Sugar Tax

Ireland has introduced a sugar tax on sugar sweetened beverages. The aim is to combat obesity.

Will it work?

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Officially known as the Sugar-Sweetened Drinks Tax (SSDT), or the Soft Drinks Industry Levy in the UK, the sugar tax was introduced in April. Its early days yet but we can look to other countries experiences and see what the effects have been.

There has been a lot of interest in recent years in the idea of taxation of unhealthy foods. The emerging policy of applying taxes based on the health effects of a product or nutrient has been attempted in several countries in recent years with mixed effects.

Denmark abandoned a “fat tax” they had introduced in 2011 after only a year. At the time, there was reported to be little or no effect on consumption however subsequent analysis suggests a 10-15% decrease. In Hungary some processed foods are taxed and an assessment by the WHO in 2013 found a decrease in consumption by 20-35% along with an increase in consumer awareness. In Finland and France there are unofficial reports of a fall in sales of sugar sweetened beverages after taxes were introduced.

The big question is whether these taxes will decrease consumption and eventually obesity. One modelling study found that a 20% tax on sugar sweetened beverages would lead to a reduction of 34-47 calories/day in adults and 40-51 in children. The reduction for regular consumers is likely to be higher, and they will benefit more. A study of soft drink taxation in Ireland showed 11% decrease in consumption for each 10% increase in price. It has been suggested that a 20% tax on SSBs would lead to a reduction in body weight 1.54-2.55lb per year.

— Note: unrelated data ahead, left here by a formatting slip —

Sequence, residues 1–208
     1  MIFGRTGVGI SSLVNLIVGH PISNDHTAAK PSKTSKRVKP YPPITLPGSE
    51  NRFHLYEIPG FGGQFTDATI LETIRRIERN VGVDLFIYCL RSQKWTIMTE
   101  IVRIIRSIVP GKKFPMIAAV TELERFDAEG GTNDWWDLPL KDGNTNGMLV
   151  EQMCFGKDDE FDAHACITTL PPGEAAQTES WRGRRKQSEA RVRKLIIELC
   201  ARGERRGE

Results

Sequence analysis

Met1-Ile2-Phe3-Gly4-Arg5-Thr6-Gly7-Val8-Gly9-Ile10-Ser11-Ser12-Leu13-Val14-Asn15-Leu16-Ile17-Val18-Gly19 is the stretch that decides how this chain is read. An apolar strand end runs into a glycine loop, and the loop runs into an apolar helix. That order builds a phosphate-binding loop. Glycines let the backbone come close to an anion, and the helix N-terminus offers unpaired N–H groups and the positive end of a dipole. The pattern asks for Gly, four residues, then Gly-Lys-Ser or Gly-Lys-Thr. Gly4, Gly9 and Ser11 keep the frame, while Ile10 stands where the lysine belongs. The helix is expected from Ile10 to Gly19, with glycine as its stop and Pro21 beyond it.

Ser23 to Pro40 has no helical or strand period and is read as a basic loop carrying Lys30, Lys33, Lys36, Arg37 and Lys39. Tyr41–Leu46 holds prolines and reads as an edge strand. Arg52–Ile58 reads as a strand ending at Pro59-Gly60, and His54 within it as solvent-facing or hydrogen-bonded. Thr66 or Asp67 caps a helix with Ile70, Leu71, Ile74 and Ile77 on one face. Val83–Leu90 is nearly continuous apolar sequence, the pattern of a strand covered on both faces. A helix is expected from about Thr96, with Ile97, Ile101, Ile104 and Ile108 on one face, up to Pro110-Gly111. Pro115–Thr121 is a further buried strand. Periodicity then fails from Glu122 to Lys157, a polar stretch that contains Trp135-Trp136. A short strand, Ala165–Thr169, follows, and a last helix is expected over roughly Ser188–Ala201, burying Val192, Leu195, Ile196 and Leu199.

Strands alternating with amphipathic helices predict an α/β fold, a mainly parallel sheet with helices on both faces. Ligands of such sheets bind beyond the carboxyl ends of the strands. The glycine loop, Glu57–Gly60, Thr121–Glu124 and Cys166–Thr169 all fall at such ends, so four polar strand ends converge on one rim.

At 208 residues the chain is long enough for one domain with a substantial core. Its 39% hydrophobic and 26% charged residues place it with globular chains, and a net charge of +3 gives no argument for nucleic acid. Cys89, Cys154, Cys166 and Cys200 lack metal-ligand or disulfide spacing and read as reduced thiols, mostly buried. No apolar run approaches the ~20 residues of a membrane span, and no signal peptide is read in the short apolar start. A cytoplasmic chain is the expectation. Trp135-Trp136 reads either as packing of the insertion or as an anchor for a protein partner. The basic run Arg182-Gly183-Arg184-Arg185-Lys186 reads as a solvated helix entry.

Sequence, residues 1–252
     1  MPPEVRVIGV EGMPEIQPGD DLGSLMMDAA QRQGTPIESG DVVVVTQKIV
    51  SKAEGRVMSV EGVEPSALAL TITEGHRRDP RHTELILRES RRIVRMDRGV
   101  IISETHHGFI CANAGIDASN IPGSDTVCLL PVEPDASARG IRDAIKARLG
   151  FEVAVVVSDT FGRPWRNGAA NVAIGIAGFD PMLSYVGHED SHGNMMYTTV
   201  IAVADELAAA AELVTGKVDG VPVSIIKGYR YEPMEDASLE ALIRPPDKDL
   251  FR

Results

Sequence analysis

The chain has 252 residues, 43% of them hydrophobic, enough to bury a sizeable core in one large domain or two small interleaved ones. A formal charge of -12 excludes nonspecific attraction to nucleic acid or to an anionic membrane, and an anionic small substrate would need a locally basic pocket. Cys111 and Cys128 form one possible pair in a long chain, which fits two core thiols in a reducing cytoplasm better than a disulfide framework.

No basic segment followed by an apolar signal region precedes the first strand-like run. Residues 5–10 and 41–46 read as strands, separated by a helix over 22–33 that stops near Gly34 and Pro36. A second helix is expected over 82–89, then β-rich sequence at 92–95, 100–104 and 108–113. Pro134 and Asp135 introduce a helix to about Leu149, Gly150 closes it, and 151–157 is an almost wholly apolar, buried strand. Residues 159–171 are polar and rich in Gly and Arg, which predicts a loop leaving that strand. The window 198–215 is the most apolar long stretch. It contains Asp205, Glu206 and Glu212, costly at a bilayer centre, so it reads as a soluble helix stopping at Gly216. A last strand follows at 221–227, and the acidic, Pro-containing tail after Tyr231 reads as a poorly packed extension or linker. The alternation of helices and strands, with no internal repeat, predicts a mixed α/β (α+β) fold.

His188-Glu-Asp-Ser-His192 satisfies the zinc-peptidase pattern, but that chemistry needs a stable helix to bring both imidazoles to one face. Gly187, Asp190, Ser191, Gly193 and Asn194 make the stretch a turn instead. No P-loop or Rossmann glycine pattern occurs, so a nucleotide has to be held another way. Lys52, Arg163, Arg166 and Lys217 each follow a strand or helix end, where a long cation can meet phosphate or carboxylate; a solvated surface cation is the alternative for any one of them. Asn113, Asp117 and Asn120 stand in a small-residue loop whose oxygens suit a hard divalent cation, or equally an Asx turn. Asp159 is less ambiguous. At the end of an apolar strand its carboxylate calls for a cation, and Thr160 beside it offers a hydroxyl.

The potential health benefits to consumers are significant. The 1-3% reduction in incidence in ischaemic heart disease predicted by several studies modelling the effect of increasing tax levels of unhealthy foods at 17.5% in the UK would result in 900-2700 fewer deaths a year. Small changes in diet can lead to meaningful changes in risk factors across the whole population, resulting in substantial health benefits (WHO 2015).

It has been estimated that the sugar tax will cost the average household in Ireland around €57/year, while potential revenue from this tax is €80m. The revenues present great opportunities to subsidise healthcare systems (OECD 2012).

In Ireland we have already seen reformulation by the food industry, and smaller package sizes which has the direct effect of the consumer consuming less sugar.

These taxes could improve health. Evidence suggests they may decrease consumption, but the tax rate needs to be at least 20% to see a significant effect and ideally be combined with subsidies on healthy alternatives.

Tax is not a simple or quick fix. Price alone will not alter diet and health but properly established it could prove effective in reducing obesity and with it, the prevalence of non-communicable diseases like cardiovascular disease, diabetes and some cancers.

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